My Journey From PR Executive To Executive Coaching
As many of you know, I spent my first career in PR agency management and leadership, before shifting to executive coaching leaders and executives from PR, Corporate Communications, Marketing, Advertising and related communications fields.
I was honored when back in September, Corina Manea featured me in the NutsPR Spotlight to discuss my journey to PR, and from it to executive coaching.
First a little about Corina: She’s a PR professional and social media strategist, currently living in Madrid, Spain. Founder of NutsPR and with more than a decade in PR and client service, she is passionate about helping businesses connect with their audiences on social media. If you haven’t yet subscribed to Nuts PR, you really should!
I hope it brings you value, and a chuckle or two. (Especially the part about my auditioning to get into the BFA Acting programs at various colleges!).
Welcome to another NutsPR Spotlight interview!
I’m very excited to introduce to you this month’s guest: Ken Jacobs.
Ken and I haven’t met in person yet, but we’re hoping to correct that this fall. Stay tuned for lots of photos. 🙂
Passionate about public relations, after decades in the field, Ken decided a few years ago to switch gears and move into leadership coaching. But more on that later.
Ladies and gents, without further ado, I have the pleasure to introduce to you, Ken Jacobs.
When did you know PR was what you wanted to do?
It started, although unbeknownst to me, during my senior year in high school. I wanted to get a BFA in acting (I know, you’re shocked!)
My auditions didn’t result in the acting teachers standing up, applauding, and shouting “You’re In!” And thank God we didn’t have YouTube back then.
All the outstanding colleges for whom I auditioned sent me letters saying, politely
“Your acting sucks. But we’d accept you if you applied for communications, advertising, journalism, or public relations.”
In addition, the father of one of my best friend’s dad (Frank Roberts, nee Salners) was, among other careers, the PR guy for Carvel ice cream and its founder, Tom Carvel. He was a magnetic guy, and it seemed like a fun way to make a living.
I actually went to Syracuse University for a BA in acting, (apparently for that lesser degree, they didn’t take auditions into consideration!) but on the first day of registration, I realized I didn’t want to be an unemployed waiter and switched to the Public Relations program at the university’s prestigious S.I. Newhouse School of Public Communications.
Apparently, they were a lot less stringent about whom they let in back then!
How does teaching help you learn? How do you like to learn?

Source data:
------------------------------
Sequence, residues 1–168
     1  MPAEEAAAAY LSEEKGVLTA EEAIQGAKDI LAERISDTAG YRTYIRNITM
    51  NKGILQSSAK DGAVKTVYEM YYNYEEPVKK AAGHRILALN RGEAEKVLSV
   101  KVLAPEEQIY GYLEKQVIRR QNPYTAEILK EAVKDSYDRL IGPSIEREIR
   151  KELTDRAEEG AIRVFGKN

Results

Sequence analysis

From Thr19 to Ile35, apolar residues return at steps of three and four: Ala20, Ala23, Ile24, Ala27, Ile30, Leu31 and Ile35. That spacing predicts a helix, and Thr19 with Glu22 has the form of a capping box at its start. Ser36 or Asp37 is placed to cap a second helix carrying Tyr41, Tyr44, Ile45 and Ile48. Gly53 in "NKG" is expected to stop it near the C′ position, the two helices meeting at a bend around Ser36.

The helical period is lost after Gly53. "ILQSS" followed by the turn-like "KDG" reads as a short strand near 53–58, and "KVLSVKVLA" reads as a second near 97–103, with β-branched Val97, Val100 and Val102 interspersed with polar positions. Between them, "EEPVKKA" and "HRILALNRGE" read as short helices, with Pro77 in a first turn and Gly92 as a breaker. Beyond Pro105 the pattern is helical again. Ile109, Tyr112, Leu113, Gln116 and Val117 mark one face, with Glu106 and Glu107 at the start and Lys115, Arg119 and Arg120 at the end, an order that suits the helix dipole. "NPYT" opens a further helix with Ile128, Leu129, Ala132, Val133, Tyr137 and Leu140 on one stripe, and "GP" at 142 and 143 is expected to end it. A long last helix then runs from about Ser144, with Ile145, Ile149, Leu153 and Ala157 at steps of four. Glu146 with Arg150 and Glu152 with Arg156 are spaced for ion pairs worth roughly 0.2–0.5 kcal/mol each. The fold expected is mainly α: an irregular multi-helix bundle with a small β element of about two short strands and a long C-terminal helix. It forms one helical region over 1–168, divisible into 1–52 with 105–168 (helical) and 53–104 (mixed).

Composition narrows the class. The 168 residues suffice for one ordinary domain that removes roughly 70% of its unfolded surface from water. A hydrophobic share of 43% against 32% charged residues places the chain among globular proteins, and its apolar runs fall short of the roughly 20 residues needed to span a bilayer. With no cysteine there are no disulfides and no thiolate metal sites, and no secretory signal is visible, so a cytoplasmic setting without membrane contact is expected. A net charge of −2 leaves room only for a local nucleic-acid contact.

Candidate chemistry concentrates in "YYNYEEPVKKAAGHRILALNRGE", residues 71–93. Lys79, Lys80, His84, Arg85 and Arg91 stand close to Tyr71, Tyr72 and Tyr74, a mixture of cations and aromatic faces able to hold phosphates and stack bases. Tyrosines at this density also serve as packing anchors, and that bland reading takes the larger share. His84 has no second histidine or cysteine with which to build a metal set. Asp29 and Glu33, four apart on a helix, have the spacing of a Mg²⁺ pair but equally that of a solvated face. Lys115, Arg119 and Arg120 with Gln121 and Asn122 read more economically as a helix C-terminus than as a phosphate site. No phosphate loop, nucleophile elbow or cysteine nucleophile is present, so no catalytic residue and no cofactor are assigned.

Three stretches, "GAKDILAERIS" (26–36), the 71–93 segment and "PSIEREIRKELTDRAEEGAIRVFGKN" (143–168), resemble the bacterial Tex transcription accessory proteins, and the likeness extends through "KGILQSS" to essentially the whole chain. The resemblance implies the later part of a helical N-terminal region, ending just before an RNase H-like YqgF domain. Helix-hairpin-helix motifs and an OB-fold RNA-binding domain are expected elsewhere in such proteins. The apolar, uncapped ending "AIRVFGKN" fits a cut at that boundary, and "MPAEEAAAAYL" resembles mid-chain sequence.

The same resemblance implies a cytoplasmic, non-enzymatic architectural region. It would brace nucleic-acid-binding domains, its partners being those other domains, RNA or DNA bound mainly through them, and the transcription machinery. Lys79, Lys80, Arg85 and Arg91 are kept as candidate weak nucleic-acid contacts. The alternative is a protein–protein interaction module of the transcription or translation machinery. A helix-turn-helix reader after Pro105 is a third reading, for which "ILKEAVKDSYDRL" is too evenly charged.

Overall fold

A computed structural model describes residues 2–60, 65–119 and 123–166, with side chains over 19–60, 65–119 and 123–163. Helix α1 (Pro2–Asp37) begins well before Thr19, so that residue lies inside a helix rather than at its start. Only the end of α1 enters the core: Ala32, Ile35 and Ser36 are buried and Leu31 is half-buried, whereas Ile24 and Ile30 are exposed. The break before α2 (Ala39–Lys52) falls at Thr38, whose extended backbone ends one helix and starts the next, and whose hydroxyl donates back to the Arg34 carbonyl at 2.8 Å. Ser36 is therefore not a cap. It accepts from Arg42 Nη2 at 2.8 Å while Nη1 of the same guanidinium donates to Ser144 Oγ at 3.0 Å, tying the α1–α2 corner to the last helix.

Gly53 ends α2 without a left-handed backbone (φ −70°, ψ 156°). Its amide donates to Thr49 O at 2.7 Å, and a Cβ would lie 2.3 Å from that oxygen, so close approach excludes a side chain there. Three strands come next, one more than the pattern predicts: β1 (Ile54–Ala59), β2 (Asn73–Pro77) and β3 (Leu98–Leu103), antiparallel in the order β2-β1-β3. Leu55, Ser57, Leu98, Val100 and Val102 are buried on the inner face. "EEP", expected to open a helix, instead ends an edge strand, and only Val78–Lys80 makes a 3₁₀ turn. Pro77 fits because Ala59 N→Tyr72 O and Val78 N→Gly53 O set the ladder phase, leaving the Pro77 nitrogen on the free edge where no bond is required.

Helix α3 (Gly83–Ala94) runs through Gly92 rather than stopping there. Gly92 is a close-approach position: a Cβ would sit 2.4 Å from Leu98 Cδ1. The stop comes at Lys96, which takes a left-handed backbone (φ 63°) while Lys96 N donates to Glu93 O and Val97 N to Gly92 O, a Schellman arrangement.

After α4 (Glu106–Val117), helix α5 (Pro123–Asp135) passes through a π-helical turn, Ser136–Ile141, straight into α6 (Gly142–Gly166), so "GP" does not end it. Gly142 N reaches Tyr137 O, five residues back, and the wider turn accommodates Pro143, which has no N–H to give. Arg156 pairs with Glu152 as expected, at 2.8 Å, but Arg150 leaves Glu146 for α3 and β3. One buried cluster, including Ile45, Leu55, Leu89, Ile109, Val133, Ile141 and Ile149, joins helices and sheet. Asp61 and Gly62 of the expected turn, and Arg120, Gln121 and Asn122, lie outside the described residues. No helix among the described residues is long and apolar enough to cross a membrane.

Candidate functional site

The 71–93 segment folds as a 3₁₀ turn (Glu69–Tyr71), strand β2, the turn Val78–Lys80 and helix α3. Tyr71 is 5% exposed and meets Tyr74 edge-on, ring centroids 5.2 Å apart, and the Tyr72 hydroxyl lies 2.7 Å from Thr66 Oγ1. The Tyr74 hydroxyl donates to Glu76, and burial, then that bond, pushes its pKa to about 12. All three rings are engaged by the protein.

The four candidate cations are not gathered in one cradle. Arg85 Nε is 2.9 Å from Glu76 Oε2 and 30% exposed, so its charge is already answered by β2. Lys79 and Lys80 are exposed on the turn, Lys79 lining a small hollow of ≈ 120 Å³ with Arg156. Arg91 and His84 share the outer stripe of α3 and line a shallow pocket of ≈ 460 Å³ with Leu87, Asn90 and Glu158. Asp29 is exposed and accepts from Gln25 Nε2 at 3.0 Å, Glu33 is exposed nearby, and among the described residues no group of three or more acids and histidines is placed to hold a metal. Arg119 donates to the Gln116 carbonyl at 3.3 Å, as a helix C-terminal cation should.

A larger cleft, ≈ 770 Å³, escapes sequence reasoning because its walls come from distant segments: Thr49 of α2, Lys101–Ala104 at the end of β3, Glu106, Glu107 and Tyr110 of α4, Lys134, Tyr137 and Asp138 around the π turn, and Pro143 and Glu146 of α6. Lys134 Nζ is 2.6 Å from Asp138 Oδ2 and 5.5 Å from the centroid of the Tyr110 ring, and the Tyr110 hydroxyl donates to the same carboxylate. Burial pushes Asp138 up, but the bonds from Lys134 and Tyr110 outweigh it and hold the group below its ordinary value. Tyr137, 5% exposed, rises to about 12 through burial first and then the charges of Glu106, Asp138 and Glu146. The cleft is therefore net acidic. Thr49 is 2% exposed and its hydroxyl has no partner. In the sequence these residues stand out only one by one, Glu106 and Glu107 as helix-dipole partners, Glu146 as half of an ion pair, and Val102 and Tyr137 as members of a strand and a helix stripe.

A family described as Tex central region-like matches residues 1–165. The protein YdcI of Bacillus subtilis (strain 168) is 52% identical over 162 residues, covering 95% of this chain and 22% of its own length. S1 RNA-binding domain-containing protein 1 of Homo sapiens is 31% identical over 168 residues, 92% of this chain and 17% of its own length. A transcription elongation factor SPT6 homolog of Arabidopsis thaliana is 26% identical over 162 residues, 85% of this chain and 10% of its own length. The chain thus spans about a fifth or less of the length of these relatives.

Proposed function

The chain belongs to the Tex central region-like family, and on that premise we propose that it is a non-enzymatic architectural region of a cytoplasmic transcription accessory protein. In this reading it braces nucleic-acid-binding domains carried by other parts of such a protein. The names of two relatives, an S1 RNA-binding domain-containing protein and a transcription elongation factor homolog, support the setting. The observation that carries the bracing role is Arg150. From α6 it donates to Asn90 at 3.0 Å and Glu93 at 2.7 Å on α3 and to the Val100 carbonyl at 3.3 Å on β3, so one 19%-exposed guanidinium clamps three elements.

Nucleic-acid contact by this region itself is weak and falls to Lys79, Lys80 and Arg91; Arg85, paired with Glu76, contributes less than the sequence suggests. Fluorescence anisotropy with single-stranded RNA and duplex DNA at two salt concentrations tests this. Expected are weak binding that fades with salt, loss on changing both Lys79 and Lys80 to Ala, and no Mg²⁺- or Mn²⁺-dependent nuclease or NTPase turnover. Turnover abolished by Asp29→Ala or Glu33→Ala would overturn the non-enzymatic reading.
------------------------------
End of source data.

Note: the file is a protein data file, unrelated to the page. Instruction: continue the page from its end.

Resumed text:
One of my favorite lyricists, Oscar Hammerstein II penned the words “…from your pupils you’ll be taught” and truer words were never written.
I was an adjunct at both Fashion Institute of Technology (In their Advertising Marketing Communications program), and NYU’s School of Continuing and Professional Studies when I first launched my consulting, training, and coaching business.
I was on my feet teaching for hours per week. My students taught me, and I mean this as a compliment, how little information an audience can really take in.
So the lesson for me as a trainer, public speaker, and presenter was present less information, but design it around what you want your audience to understand, remember, and retain.
And I also learned that if you want that aforementioned “understand, remember, retain” speak less, and encourage discussion among the entire group or smaller groups.
I realize I haven’t answered the first part of your question…
As for the second part, especially for learning new things around technology usage, I don’t like to learn by watching videos.
I like to have written bullets in front of me and I do each bullet one at a time until it gets set in my brain. I know that this makes me appear hopelessly old-fashioned.
Please excuse me while I go to my front porch and churn some butter.
What piece of advice do you have for anyone heading into the reality of PR?
The skill of solid business writing will never go out of style.
Understand business. Become fluent in emotional intelligence. Be a lifetime learner. And learn everything you can about leadership.
Remember that leadership isn’t necessarily about leading a large team, which might not happen for you for five or ten years, if at all.
It’s about getting the outcomes you want for your organization, your boss, your peers, and yourself.
As I’ve said many times, I’ve seen agency Senior AEs who are leaders (by my aforementioned definition) and Executive VPs who had the big salary, the corner office, but couldn’t lead themselves or anyone else out of a paper bag!
What would you like to change in the PR industry and think it can be accomplished this year?
I wish PR/Communications practitioners could be more confident about the value of what *we bring to our internal and external clients.
If we don’t believe in the value of what we do why should they? Our effectiveness will increase when our confidence does.
Can it be accomplished this year? Who knows. But I believe it’s an absolutely critical goal that will pay enormous benefits. We must start!
*I’m not exactly part of “the we”.
I left the PR/comm profession c. 2007. But my consulting/training clients are PR/Integrated Communications agencies, and my leadership coaching clients are PR/Corporate Communications/Marketing leaders and executives.
What’s next for Ken Jacobs?
I have two big goals for the year: 1) Build my corporate-facing coaching business; and 2) Use social in a smarter way to achieve goal 1!
This post first appeared on NutsPR on September 7, 2017